It was time for our annual “Boys Trip,” that yearly male-bonding ritual with my son-in-laws where I come to peace with the fact that I have to share my beloved daughters with these rapists who have stolen them from me. It’s easier being with them now — after all, for most of them it’s been at least a decade, and they have blessed me with 6 grandchildren. This year brings a newly acquired son-in-law who is by nature a gentle soul, and I am mellowing with age.
This year, we almost didn’t make the trip. One of my sons was hospitalized with an acute GI bleed the week before our anticipated departure. During those days of uncertainty, we were reminded of the transient nature of our days. We left him in good hands and went off to the Mayan Riviera where we explored the ancient ruins, went cavern diving, ate fresh ceviche, drank lots of beer, and sang songs late into the night.
One night in the moonlight, I sat on the beach watching an approaching storm. Descending from the ominous clouds were streaks of falling rain. In the enveloping darkness, I thought about my missing son and had the awareness that there would come a time when I too would miss this trip. The wind picked up, and the storm moved more quickly than I had thought. In the billowing clouds I saw two angels, both covered in flowing white gowns; one was looking prophetically into the distance, and the other had an outstretched arm pointing into the distance. It began sprinkling and the gusting winds changed the clouds into a galloping horse whose head was straining forward with mane flowing as it flew across the night sky.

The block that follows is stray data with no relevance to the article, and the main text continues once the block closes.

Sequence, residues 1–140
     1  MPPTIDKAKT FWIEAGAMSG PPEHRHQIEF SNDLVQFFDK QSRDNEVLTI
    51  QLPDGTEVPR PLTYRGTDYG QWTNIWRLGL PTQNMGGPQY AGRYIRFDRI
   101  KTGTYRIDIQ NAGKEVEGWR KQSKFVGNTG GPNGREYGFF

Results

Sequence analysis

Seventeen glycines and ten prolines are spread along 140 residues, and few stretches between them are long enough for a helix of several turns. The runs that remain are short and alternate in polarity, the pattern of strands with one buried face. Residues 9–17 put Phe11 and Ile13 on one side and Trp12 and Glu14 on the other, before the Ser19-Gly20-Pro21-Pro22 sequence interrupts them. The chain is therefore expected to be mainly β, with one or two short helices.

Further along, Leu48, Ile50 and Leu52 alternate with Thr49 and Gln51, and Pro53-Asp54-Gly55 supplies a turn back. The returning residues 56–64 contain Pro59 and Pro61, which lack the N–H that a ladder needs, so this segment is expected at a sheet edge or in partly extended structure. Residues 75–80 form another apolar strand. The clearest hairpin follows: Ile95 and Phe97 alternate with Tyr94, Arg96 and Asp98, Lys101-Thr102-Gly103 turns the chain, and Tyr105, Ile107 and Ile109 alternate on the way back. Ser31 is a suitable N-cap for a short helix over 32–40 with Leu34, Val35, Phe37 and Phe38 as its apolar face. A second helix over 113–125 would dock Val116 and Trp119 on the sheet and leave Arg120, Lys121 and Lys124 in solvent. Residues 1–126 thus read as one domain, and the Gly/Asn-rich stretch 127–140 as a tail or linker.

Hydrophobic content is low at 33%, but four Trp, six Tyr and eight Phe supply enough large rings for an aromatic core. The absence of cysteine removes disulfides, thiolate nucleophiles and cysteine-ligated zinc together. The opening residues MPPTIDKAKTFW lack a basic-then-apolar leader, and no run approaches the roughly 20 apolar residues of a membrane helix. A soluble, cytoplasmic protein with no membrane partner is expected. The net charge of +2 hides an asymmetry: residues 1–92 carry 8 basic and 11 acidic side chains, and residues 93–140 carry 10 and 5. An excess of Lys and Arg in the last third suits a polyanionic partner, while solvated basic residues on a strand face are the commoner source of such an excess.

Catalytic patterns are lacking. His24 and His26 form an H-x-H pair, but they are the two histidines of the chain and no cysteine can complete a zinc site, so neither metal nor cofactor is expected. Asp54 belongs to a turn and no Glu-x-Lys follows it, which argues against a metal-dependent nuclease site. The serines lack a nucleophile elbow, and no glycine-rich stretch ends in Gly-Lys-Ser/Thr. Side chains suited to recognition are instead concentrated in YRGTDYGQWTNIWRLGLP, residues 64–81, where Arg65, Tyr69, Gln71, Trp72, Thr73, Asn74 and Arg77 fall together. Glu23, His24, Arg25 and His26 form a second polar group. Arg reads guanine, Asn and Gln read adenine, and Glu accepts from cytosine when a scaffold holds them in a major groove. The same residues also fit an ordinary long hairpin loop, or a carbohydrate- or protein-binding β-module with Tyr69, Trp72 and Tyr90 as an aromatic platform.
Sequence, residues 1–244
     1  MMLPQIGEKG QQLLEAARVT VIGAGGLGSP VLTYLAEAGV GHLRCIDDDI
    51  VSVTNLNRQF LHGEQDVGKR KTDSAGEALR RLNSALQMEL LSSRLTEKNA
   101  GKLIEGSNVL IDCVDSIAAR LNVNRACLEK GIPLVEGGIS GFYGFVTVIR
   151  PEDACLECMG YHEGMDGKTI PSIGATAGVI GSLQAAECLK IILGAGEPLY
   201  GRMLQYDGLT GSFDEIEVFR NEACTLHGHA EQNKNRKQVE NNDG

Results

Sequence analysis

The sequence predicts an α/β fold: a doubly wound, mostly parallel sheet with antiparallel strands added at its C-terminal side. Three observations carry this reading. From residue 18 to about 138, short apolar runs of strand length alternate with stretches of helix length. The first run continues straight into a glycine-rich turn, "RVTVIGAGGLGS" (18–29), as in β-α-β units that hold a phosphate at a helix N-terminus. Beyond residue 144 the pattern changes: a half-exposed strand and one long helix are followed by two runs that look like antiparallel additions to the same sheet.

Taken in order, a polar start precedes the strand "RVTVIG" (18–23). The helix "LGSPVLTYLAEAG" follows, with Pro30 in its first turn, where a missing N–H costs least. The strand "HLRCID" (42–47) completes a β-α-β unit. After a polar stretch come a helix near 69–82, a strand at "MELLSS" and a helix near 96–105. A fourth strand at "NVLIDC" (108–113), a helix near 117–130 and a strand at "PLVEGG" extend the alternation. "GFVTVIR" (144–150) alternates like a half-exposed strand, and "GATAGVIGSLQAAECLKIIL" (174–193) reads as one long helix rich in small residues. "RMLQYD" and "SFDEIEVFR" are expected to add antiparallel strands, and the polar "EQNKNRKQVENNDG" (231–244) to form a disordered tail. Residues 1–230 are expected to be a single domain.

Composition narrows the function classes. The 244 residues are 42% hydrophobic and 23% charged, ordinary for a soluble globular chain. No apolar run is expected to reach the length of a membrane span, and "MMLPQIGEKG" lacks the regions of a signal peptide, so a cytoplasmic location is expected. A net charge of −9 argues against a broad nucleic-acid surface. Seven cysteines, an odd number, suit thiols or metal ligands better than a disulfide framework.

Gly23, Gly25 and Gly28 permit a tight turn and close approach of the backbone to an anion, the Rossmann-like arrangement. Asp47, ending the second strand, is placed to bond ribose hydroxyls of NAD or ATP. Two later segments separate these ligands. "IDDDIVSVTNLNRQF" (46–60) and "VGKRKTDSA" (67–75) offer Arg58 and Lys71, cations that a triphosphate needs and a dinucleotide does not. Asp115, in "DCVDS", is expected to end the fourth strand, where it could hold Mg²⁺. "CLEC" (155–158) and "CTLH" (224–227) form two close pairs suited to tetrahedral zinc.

The moon became obscured by the fast-moving clouds and the celestial forms were now illuminated from behind. The galloping horse morphed into a clipper ship under full sail. I was so riveted by the kaleidoscopic sky show that I didn’t run when the sprinkles became a downpour. Pelted by the rain, I saw in the distance the moonlight begin to shine through. The cloud cover was thinning; the tropical storm would soon blow over.
In the coming light, surrounded by my sons and brother, I understood that the antidote to the fear of death is to embrace the possibilities of where we are now. We live, love, hurt, change, age, and we all know how it ends. The goal is not to feel good in every moment or preserve what we have, but rather to not feel threatened by what we face.
The Hopi Indians believe that one’s last breath becomes a cloud. We can be seen even after we depart this earthly realm. Angels, galloping horses and sailing ships are what we become. Savor every moment because, like clouds, our lives move more quickly than we imagine. We are remembered in the clouds by those who feel our presence.